|This page is about the Chinese medium tank ZTZ59D1. For other versions, see ZTZ59 (Family).|
The ZTZ59D1 (Chinese: ZTZ59D1式中型坦克; industry code WZ120C) is the proof-of-concept of what would later become the ZTZ59D in PLAGF service. Although PLAGF has already upgraded some of their fleet of Type 59s with now-domestic 105 mm cannons, there were still plans to further upgrade its protection against enemies and its FCS at a more economic price, including FY-1/2 ERA for different types of threats and new digitalized FCS. The modified tanks, now under the designation of WZ120C passed for certifications in April 1995 with the technologies used on ZTZ59D aside from the main cannon. These tanks have been part of the PLAGF armored corps until they are eventually replaced by wheeled assault guns or ZTQ15 with overall superior performance.
It was introduced in Update 1.91 "Night Vision" alongside with the Chinese tech-tree, the ZTZ59D1 is a comprehensive upgrade of the venerable Type 59. It includes a large number of modern features on a old chassis, rather like an AK-47 decked out with modern furniture and accessories. The most noticeable difference at a first glance are the ERA arrays on the hull and turret cheeks. The original 100 mm Type 59 cannon has been replaced with a licensed copy of the ubiquitous Royal Ordnance 105 mm L7 cannon, and the installation of night vision and a laser rangefinder give the tank impressive firepower. Unfortunately it still suffers from many of the Type 59's weaknesses, namely subpar mobility and gun handling. While it is not very suited to the high-speed combat common at its rank, a skilled and careful tanker can still enjoy it as a formidable sniper.
In tech tree, the ZTZ59D1 is succeeded by the ZTZ88A, a significantly more modern design with better mobility and hull protection.
Survivability and armour
- Rolled homogeneous armour (Hull, Turret roof)
- Cast homogeneous armour (Turret, Gun mantlet)
|Armour||Front (Slope angle)||Sides||Rear||Roof|
|Hull|| 100 mm (60°) Front glacis
100 mm (54°) Lower glacis
|80 mm|| 45 mm (16°) Upper
30 mm (72°) Lower
| 30 mm Front |
20 mm Back
|Turret|| 160 mm (14-39°) Turret front
200 mm (4-78°) Gun mantlet
| 115 mm (45-50°) Upper
155 mm (10-30°) Lower
|65 mm (9-35°)||30 mm|
- Suspension wheels and tracks are 20 mm thick
The base armour of the ZTZ59D1 is exactly the same as the Type 59. The hull and turret armour are quite thick, but the original T-54 armour was designed to counter WWII-era German cannons, and at the ZTZ's rank it will not hold up against sabot or HEAT rounds. It is capable of stopping all autocannon fire from the front and resisting most autocannon fire from the sides, which is helpful. The ERA arrays on the turret use ERA comparable to the Soviet Kontakt-1 and have good protection against chemical rounds; unfortunately they do not have very good coverage, and the area around the gun mantlet is heavily exposed.
The ERA arrays on the upper glacis have an interesting setup: two layers of ERA separated by an air gap. While the hull coverage is spotty due to the tow cable attachment points, the ERA setup boasts 120 mm of kinetic protection. This is not quite enough against the common 105 mm DM23 APFSDS considering that the ZTZ59D1 lacks composite armour to back the ERA up, but it will stop all 105 mm APDS rounds. Certain APFSDS rounds with especially poor angled penetration like the T-55A's 3BM25 and the T95E1's T320 will fail to penetrate even at point-blank range. Even the T-62's sizeable 115 mm APFSDS rounds can be stopped. The US 105 mm M735 and 152 mm XM578E1 will occasionally be blocked given some distance and angling. The hull ERA's chemical protection is not as strong as the turret ERA due to the less drastic sloping from the front profile and 120 mm HEAT-FS as fired by the Leopard A1A1 (L/44) will be able to penetrate.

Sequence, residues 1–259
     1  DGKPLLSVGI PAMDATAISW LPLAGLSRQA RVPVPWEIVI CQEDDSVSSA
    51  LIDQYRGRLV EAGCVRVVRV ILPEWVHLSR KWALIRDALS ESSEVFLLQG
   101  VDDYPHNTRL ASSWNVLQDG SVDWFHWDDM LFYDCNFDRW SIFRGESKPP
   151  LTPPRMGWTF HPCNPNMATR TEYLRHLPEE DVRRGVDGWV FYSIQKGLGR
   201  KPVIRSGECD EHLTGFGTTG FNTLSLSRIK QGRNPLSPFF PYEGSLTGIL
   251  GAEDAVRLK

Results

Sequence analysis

Post-penetration survivability is not ideal. There is an ammo rack behind the fuel tank next to the driver, but unlike the comparable T-55AM-1, it is not "wet" and can be easily detonated by penetrating hits. Loose ammunition is stowed in various corners of the crew compartment. It is a good idea to minimize the number of rounds carried.
Sometimes, if you are lucky, you will survive a penetrating shot that knocked out your gunner / driver, and your fate depends on whether if you can fight back / retreat before the enemy loads the second shell. If your crew cannot replace the dead gunner / driver on time, a split second late and you will certainly get destroyed by the next shell. Therefore it is recommended to max out the "Agility" skill on every crew, it might save your life one day.
|Game Mode||Max Speed (km/h)||Weight (tons)||Engine power (horsepower)||Power-to-weight ratio (hp/ton)|
Speed is definitely not a strength for the ZTZ59D1. The original Type 59 was not a speedster to begin with and the upgrades on this tank add an extra ton of weight without any increase in engine power. It is also incapable of turning in place and has a poor reverse speed of only -7 km/h.
Modifications and economy